Editorial: A model for teaching low-income students through sense of community
The story of Sunny Hill Elementary School is really the story of a bold new model in education.
The focus of Tuesday's installment in our Generations at Risk series, Sunny Hill has become a community hub, the heartbeat of its small, largely Hispanic community in part of Carpentersville. A staggering 94 percent of Sunny Hill's families are low-income; more than half speak a non-English language at home -- and yet the school's test scores are 18 percent higher than other schools with the same low-income challenges. How has it done that?
The answer lies in many factors, not all of them replicable by every school facing increasing numbers of low-income students. Indeed, whereas minorities make up a sizable segment of Sunny Hill's population, not all low-income students come from minority cultural or ethnic backgrounds. The challenges facing different schools can vary widely.
But one component of the Sunny Hill formula appears to offer clear evidence that when a school tries to take care of the "whole" student, including his or her family, it has more than a passing effect on the child's academic performance. In Sunny Hill's case, that involves feeding some students three meals a day and sending bags of healthy food home with just about every student on weekends. It involves English classes for parents and dental clinics for families, home visits by teachers and an emphasis on making children equally proficient in English and Spanish.
"Instead of saying we can't control what happens outside of school, we say, 'What can we do?'" says Principal Irma Bates.
That is a compelling and innovative notion -- that the school takes some direct interest in affecting circumstances outside its walls that will have consequences inside them.
The wider name for this concept is "community schools," and it is being tried in some of the biggest urban school systems in America. It is based on the belief that kids can't learn as well if they are hungry or preoccupied by stressful conditions at home.
The community element is evident at Sunny Hill, and it doesn't come from the school alone. Someone donates the food for those bags. Volunteers sort it and pack it. Dentists and dental assistants work for free. Parents get involved, and when they don't come to the school, the school goes to them.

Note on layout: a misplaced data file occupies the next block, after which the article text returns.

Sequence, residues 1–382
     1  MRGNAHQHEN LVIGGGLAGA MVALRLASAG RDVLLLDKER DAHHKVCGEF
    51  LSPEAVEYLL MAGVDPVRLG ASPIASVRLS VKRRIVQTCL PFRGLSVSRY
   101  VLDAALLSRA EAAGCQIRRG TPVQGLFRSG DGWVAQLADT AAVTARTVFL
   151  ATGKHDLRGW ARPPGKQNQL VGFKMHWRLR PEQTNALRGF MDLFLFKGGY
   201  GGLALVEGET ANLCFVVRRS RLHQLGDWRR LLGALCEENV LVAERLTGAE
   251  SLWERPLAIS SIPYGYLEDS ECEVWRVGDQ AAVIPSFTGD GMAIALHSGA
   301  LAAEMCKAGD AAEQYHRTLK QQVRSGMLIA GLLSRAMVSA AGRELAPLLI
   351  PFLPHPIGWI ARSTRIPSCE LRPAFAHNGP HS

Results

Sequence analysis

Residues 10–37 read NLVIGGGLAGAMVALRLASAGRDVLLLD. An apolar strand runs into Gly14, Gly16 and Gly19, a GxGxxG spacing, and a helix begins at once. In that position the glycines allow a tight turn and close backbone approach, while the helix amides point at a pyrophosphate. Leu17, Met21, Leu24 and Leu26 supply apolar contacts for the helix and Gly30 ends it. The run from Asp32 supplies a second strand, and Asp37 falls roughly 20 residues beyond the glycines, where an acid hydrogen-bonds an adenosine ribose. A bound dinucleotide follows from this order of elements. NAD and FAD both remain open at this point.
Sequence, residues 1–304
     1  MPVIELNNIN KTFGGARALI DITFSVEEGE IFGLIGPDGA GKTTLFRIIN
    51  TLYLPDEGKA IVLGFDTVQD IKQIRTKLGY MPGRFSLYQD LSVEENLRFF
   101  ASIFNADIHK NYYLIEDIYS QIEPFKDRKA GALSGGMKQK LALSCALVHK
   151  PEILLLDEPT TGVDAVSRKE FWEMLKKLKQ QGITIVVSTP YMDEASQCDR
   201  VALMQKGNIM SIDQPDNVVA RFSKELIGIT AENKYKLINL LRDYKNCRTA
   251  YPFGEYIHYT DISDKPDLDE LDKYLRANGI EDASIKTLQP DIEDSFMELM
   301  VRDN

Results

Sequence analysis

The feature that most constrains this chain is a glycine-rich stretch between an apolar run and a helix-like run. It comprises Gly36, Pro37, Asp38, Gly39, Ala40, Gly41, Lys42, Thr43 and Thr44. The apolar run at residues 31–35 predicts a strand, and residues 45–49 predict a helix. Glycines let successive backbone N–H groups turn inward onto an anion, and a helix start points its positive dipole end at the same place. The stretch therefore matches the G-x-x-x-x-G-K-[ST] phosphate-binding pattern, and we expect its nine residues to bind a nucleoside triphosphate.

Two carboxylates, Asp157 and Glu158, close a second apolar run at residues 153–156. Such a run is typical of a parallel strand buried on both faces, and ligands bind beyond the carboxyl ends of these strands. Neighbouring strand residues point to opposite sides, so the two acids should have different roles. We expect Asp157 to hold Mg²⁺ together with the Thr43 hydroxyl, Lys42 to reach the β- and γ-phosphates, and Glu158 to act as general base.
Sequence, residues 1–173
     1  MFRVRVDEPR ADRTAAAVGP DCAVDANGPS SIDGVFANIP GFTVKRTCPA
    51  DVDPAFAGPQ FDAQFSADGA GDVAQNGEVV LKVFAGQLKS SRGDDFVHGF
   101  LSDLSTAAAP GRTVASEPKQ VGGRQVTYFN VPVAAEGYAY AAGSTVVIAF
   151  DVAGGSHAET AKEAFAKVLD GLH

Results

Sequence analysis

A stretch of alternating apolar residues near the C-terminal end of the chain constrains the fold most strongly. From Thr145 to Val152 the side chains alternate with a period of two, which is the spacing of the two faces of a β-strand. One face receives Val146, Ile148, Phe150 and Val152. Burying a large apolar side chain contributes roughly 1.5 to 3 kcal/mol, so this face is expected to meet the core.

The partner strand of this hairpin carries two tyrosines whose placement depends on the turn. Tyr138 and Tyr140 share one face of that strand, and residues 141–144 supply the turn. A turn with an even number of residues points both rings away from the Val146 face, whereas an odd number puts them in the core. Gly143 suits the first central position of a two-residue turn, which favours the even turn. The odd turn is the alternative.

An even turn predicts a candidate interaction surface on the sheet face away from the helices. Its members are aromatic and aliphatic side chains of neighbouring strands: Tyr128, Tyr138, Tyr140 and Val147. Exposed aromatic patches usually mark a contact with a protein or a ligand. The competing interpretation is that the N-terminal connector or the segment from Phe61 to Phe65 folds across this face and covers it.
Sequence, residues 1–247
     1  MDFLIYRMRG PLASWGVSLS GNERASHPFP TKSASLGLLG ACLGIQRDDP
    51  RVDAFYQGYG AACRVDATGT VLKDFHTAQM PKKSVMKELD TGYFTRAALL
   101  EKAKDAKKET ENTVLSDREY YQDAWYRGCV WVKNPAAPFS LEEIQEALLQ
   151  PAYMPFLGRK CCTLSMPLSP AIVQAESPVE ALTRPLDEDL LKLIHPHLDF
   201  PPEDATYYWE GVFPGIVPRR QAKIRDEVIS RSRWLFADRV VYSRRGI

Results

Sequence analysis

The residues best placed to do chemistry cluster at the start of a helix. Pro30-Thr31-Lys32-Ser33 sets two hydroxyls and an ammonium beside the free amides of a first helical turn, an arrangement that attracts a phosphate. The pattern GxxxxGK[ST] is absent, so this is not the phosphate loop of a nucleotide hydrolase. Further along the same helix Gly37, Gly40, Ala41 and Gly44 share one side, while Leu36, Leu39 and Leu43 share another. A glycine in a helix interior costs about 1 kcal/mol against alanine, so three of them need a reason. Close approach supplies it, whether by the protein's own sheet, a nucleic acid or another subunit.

Supplemented by grants the school and its parent Barrington Unit District 220 have acquired, Sunny Hill provides an after school club and homework help sessions. Teachers make visits to students' homes, bringing learning games and advice about how parents can be role models who teach their children as they go about their day. Parents who don't think they have the time or the language skills to help their children learn discover they can.
"It's a little nontraditional," Bates admits. "But it works. It is all about reaching excellence in academics, but you won't be able to get to learning if you don't make a child feel comfortable, get food in his stomach and address their basic needs."
What Sunny Hill demonstrates is a new kind of pact between the school and its community, and that can be replicated. As more suburban schools grapple with the new, growing numbers of low-income students in their midst, the common denominator is how their relationship with the community is likely to change.
Fundamentally, we in the suburbs know how to do this. Suburbs have historically been very good at the concept of community. Our parents and grandparents left their tight-knit Chicago neighborhoods in the middle of the last century to make homes in the suburbs and in the process built education systems that are the envy of the rest of the state.
From the beginning, our community schools have been just that -- community. Now, as our communities change, we are finding we have to take new steps to involve and strengthen all elements of our society. Schools like Sunny Hill are showing us how.